Family Pinaceae: The Pines, Cedars, Spruce, and Firs

Family Pinaceae:
The Pines, Cedars, Spruce, and Firs

The Pine family is the most varied of all the groups of trees that bear cones (conifers).

White Pines
White Pines commonly live to 400+ years.
Conifer comes from the Latin for "cone bearing." A conifer's seeds are borne in its cones. If you were to shake a typical mature cone, seeds would fall out. Almost all plants on earth produce seeds, and these plants are divided into two categories: gymnosperms and angiosperms. The angiosperms have their seeds embedded inside fruit; think of an apple or a pumpkin. Angiosperms comprise, by far, the biggest of the two groups.

Pollination in conifers is always dependant on wind. "Gymnosperm" is Latin for "naked seed". Gymnosperms evolved before flowering plants, and conifers (all plants in Pinaceae are conifers) are gymnosperms. There are fewer than 1,000 species of gymnosperms, representing barely 1/2 of one percent of all plant species.

Red Pine - Pinus Resinosa
Pinus resinosa
Red Pine
Globe Blue Spruce
Blue Globe Spruce
Picea pungens

Eastern White Pine
Pinus strobus
Nordmann Fir - Abies nordmanniana
Nordmann Fir
Abies nordmanniana
Manchurian Fir - Abies nephrolepis
Manchurian Fir
Abies nephrolepis
Ponderosa Pine
Ponderosa Pine
Pinus ponderosa
Balsam Fir - Abies balsamea
Balsam Fir
Abies balsamea
Pseudotsuga menzziesii var. glauca
Pseudotsuga menziesii
Koyama Spruce
Koyama Spruce
Picea koyamae
White Fir
White Fir
Abies concolor
European Larch
European Larch
Larix dicidua
Eastern Hemlock
Eastern Hemlock
Tsuga canadensis
Norway Spruce - Picea abies
Norway Spruce
Picea abies
A mature, fertilized female cone may be thought of as "fruit" (although technically conifers do not "flower" and hence cannot bear fruit). In most conifers, the cones are woody structures, but by no means do they all look like the classic pinecone. Some have seeds enveloped in a fleshy coating. Separate male cones are called staminate; they often take the form of tiny cones or catkins; these provide the pollen to fertilize the female cones, which ultimately produce the seeds. The female cones are the familiar woody structures and they are called pistillate cones. Most species of conifer are monoecious: they have both male and female cones on the same tree.
Himalayan White Pine Tree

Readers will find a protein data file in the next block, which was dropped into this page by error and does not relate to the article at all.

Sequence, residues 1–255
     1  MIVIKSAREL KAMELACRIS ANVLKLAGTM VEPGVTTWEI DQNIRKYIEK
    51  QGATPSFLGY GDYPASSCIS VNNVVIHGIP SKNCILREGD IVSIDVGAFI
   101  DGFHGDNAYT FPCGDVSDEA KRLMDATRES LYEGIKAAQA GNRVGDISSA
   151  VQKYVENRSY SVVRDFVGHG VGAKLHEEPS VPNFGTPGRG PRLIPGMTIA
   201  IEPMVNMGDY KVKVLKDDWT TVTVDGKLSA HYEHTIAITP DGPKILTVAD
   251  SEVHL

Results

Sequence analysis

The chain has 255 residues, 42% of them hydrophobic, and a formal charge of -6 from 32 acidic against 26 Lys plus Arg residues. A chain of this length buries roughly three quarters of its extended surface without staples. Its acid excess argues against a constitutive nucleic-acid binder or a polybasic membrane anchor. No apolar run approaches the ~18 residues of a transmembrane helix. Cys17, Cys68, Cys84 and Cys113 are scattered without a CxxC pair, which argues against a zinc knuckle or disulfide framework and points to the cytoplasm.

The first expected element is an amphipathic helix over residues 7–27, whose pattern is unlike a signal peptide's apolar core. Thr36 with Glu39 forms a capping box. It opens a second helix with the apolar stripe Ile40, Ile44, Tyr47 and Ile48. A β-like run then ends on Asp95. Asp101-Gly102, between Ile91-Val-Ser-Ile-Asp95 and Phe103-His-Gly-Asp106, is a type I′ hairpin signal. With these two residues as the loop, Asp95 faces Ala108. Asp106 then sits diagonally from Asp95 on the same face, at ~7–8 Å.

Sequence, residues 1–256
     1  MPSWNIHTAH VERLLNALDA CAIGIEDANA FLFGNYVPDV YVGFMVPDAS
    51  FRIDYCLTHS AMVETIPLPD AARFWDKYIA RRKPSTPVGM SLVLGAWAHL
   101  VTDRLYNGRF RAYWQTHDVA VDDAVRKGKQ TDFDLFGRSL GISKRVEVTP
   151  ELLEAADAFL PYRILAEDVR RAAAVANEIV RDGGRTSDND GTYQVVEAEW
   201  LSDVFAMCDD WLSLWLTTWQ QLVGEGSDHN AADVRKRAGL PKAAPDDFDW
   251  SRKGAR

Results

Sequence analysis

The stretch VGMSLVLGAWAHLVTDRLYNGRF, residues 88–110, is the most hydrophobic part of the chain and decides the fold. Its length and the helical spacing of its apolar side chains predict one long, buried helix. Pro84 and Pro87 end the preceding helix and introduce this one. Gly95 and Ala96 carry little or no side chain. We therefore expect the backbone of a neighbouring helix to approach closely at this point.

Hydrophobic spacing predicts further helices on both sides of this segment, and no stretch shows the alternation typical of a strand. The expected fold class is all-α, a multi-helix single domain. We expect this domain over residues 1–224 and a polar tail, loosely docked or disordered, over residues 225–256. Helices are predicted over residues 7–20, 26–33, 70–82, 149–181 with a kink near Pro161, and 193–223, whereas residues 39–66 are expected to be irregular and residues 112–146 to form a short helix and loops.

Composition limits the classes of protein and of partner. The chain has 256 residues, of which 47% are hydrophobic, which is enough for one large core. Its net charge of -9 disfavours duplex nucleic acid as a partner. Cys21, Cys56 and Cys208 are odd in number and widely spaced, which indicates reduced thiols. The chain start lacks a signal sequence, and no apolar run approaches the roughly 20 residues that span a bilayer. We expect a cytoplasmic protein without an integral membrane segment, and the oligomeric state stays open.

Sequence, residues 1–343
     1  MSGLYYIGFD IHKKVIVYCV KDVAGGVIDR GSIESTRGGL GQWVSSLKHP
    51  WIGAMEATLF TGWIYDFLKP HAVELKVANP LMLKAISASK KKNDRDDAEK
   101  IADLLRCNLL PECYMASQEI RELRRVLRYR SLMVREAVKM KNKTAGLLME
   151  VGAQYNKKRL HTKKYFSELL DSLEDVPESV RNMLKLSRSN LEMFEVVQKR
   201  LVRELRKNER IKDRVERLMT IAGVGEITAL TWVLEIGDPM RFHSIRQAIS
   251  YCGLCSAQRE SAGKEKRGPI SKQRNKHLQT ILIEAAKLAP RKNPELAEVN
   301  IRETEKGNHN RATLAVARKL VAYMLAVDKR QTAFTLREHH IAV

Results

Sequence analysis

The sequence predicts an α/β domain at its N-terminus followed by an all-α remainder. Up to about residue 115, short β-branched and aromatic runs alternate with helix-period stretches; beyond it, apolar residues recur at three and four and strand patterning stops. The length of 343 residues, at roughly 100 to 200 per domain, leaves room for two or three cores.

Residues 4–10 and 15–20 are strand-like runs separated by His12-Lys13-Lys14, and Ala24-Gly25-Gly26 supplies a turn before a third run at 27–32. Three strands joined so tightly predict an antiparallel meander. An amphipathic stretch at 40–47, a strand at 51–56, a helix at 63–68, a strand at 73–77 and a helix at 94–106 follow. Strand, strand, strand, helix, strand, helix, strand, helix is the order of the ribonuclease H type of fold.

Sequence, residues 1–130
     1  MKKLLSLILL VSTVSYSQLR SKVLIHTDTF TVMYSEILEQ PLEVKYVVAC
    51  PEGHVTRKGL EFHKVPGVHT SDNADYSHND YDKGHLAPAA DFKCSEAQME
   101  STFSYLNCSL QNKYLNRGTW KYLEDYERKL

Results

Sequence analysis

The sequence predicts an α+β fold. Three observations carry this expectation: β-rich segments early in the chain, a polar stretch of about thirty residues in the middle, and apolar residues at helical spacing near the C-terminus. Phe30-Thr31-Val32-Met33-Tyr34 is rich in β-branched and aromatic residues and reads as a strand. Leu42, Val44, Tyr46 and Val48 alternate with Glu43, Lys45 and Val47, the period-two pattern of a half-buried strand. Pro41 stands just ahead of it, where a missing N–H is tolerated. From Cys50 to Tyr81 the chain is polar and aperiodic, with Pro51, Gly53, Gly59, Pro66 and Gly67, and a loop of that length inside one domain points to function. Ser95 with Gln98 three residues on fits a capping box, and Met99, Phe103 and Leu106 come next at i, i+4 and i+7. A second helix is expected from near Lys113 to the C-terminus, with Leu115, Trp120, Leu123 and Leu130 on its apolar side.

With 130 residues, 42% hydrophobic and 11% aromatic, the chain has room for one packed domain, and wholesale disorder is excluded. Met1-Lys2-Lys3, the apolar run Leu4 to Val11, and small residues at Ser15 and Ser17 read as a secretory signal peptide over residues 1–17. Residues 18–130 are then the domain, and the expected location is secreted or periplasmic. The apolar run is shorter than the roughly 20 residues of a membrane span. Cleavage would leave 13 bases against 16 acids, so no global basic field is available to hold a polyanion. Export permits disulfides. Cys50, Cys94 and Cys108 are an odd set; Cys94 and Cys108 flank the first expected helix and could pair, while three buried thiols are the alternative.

Himalayan White Pine
Serbian Spruce
Serbian Spruce
Dragon Spruce
Dragon Spruce
European Silver Fir, Abies alba
European Silver Fir
Olga Bay Larch
Olga Bay Larch
The oldest tree? Sometime around 7542 B.C., a spruce tree started growing on Fulu Mountain in Sweden. It is still growing. Spruce trees can produce exact clones, and while the currently visible part of the tree is not 9,550 years old, scientists found pieces of wood beneath it that are – with exactly the same genetic makeup as the now living above-ground tree.
Siberian Larch - Larix sibirica
Siberian Larch
Fremd Eastern Hemlock - Tsuga canadensis 'Fremdii'
Fremd Eastern Hemlock
Limber Pine - Pinus flexilis
Limber Pine
Subalpine Fir
Subalpine Fir
Mugo Pine
Mugo Pine
Pinyon Pine - Pinus edulis
Pinyon Pine
Lacebark Pine
Lacebark Pine
Hornibrook Dwarf Austrian Pine
Hornibrook Austrian Pine
Jack Pine - Pinus banksiana
Jack Pine

Japanese White Pine
Scotch Pine
Scots Pine or Scotch Pine
Japanese Red Pine (Tanyosho Pine) - Pinus densiflora 'Umbraculifera'
Tanyosho Pine
Korean Pine - Pinus koraiensis
Korean Pine
Waterer Scots Pine
Waterer Scots Pine
Pinus sylvestris 'watereri'
Table Mountain Pine
Table Mountain Pine
Pinus pungens
Balkan Pine - Pinus peuce
Balkan Pine
Pinus peuce
Dwarf White Pine - Pinus strobus 'Nana'
Dwarf White Pine
Pinus strobus 'Nana'

Shensi Fir
 Abies chensiensis

Golden Larch - Pseudolarix amabilis
Golden Larch
 Pseudolarix amabilis

Prince Rupprecht Larch
 L. gmelinii var.

Needle Fir - Abies holophylla
Needle Fir
Abies holophylla
Japanese Red Pine - Pinus densiflora
Japanese Red Pine
 Pinus densiflora
Douglas Fir
Pseudotsuga menziesii
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Trees live longer than any other organism on earth. Trees commonly live more than 1,000 years, and many grow considerably older. Trees have been living on Earth for more than 370 million years, and today can be found almost everywhere from the Arctic Circle to the Sahara Desert.  Family Pinaceae: Pine, Cedar, Spruce, Fir